Homosexual nature is not considered sinful, homosexual acts are, which is why someone like Mychal Judge could remain a priest, even a revered one, and ultimately a hero, since he remained celibate and did not act on his orientation. He also advocated for a revision of the Church’s position as to gay activity, and said things like “is there so much love in the world that we can deny any?” Had he not become the first recorded victim of 9/11 (slain by falling debris as he gave the last rites to a mortally wounded fireman) I think he might have become that much more powerful a figure in a revision movement. However, I don’t think he would have engaged in the naked politics and dirty tactics here.

          You are right that if it was a precluding issue it should have been dealt with then. It wasn’t, I think because the powers that be didn’t want numbers to shrink and assumed that priests once ordained would keep to their vows. Eating the wrong food, although the dietary rules are now greatly relaxed, etc., probably wouldn’t bar one from ministry, but it was decided in the later Middle Ages that the sacraments were always efficacious if performed by an ordained priest, lest people fear that if the priest was fooling around with a local girl or tapping the till their confessions wouldn’t work etc.

        • I see. There’s a moral relativity involved in those who don’t- say- eat fish on Friday and those who commit gutwrenching acts of perversity on themselves and others. Like most atheists and agnostics, you confuse the concepts of church doctrine (which derives from Man) and the Holy Gospel (which comes from God). When you’ve learned the distinction, then perhaps your comments on the subject will be worthy of attention.

          • charlesgreen

            SMP, just so we’re clear, am I correct that you equate “gay” with “perverse?” Does that come from church doctrine, or the Holy Gospel?

            You want to hear from a Catholic? OK, hear from James Carroll, a graduate of Catholic High School, then Georgetown, then the Paulist Fathers seminar. He was ordained in 1969,left the priesthood in 1974. He’s an author (main book: Constantine’s Sword) and columnist (Boston.com, New Yorker).

            Here’s what he has to say about celibacy: that it was largely a church power play instituted by Pope Gregory in the Middle Ages, to prevent the wealth of the church being drained away by way of inheritances to the children of priests. Boom, priests are celibate – no more heirs. Problem solved. Now, was that the Holy Gospel, or church doctrine?

            My understanding is that Steve-O’s description of the “gay-is-OK-as-long-as-you’re-celibate” view accurately reflects the view of the current Pope Francis. Here’s what James Carroll has to say about the recent embellishments on celibacy:

            “…in late 1965, Paul VI made his second extraordinary intervention to forbid any discussion of priestly celibacy. “It is not opportune to debate publicly this topic,’’ he declared, “which requires the greatest prudence and is so important.’’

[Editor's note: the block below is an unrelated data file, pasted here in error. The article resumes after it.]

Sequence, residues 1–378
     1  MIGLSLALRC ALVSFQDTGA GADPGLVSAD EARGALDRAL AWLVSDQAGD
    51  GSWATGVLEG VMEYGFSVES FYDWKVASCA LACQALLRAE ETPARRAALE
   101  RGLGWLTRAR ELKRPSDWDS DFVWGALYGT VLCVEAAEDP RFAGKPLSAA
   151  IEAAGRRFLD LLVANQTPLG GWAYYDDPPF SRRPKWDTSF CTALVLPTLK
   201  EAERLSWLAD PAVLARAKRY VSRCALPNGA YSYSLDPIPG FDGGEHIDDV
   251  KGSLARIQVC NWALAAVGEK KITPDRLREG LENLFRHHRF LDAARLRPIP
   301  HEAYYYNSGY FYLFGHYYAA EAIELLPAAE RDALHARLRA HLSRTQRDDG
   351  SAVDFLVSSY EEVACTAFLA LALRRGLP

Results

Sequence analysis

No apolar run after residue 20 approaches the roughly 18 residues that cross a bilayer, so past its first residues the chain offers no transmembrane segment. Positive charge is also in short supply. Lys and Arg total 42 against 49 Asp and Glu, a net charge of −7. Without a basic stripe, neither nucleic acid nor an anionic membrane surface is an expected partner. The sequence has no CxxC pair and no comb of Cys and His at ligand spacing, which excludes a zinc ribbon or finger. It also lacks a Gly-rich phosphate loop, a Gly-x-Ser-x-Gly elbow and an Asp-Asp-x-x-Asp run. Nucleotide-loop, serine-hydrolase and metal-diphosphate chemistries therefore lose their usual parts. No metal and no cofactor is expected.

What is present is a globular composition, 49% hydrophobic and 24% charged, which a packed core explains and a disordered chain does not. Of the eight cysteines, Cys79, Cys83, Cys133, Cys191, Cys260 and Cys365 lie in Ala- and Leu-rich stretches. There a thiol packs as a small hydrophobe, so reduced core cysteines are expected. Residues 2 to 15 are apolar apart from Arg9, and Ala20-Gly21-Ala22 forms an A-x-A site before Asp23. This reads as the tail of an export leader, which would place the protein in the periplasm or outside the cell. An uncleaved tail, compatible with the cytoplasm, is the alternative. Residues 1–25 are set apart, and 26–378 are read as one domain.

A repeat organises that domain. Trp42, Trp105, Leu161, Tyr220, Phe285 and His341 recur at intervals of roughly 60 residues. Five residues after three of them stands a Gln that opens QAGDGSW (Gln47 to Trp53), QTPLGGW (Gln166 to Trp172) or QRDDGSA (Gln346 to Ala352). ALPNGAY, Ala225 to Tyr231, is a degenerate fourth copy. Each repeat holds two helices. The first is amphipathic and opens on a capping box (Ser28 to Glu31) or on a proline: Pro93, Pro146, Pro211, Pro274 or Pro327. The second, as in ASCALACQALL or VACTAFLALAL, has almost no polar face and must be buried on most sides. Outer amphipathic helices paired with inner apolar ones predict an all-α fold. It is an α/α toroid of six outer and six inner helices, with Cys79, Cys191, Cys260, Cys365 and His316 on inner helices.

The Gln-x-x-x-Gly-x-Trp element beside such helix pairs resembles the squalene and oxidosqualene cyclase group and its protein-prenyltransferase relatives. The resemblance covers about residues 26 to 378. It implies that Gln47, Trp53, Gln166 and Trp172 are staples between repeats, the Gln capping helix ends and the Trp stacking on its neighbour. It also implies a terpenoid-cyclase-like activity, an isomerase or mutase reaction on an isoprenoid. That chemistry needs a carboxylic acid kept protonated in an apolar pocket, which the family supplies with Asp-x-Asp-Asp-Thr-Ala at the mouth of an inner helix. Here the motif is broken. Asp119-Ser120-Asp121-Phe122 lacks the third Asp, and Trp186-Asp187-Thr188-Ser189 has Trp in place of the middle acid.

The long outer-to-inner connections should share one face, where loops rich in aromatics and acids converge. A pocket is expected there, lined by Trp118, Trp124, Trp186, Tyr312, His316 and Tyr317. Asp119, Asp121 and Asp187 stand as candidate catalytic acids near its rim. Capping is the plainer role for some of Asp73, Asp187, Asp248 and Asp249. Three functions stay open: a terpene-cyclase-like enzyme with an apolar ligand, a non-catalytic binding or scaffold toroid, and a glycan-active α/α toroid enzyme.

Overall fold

“A Council had initiated the clerical discipline of celibacy, but a Council was now not qualified even to discuss it. The power play was so blatant as to lay bare power itself as the issue. And just like that, Catholics had reason to suspect that celibacy was being maintained as a requirement of the priesthood because of internal church politics — not because of any spiritual or religious motive. God was not the issue; the pope was.”

            He goes on to say, “WHY HAD celibacy come to matter so much to those in charge of the church? The answer is familiar because celibacy, like other issues having to do with gender, reproduction, and sexual identity, is not really about sex — but power. The hierarchy found in the imposition of sexual abstinence a mode of control over the interior lives of clergy, since submission in radical abstinence required an extraordinary abandonment of the will. In theory, the abandonment was to God; in practice, it was to the “superior,’’ who always thought he was. The stakes were infinite, since sexual desire marked the threshold of hell. “Gravely sinful’’ defined every priestly deviance, including the minor and intensely personal matter of erotic fantasy. The normally human was, for priests, the occasion of bad faith.”

            You’re entitled to your view of gay people as depraved, sinful or immoral. I think that view is rapidly becoming a dinosaur view, and thank god for that, because that’s true bigotry. Many catholic individuals, including priests and nuns, have done wonderful work around the world helping others. The Catholic church uses the notion of celibacy, itself highly suspect, as a fig leaf to maintain logical consistency, but still continue to avoid dealing with fundamental human issues.

            There’s no sin in being a gay priest. The tragedy lies in the fact that many good people were drawn to the teachings of God, only to be betrayed and sold out by the very organization that claims to speak in God’s name.